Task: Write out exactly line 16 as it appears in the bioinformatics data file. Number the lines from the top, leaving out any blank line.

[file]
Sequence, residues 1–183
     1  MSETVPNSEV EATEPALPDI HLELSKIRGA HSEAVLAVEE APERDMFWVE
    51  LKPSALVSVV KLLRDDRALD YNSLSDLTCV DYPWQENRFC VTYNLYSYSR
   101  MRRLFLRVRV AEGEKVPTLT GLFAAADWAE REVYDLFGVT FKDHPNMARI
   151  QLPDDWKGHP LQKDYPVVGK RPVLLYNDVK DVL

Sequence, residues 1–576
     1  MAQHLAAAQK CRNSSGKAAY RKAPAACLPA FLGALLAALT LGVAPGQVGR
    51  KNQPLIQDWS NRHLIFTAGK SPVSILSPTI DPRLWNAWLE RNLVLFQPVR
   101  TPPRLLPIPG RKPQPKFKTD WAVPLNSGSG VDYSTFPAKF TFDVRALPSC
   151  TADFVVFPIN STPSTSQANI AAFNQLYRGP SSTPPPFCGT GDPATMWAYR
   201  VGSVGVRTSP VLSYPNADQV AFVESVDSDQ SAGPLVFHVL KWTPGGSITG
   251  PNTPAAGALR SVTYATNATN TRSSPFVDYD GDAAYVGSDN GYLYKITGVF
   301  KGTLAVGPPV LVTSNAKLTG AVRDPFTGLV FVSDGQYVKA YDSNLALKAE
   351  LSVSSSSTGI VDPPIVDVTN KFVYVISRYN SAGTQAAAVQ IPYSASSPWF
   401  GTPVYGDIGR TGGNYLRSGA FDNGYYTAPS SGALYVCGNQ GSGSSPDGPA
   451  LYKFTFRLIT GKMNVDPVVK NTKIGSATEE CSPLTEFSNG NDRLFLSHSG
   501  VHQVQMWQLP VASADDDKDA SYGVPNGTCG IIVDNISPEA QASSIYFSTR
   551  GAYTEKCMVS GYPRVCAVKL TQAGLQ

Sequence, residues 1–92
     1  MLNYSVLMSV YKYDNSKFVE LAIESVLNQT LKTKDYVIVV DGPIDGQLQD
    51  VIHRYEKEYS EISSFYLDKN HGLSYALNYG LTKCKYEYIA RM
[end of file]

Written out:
   451  LYKFTFRLIT GKMNVDPVVK NTKIGSATEE CSPLTEFSNG NDRLFLSHSG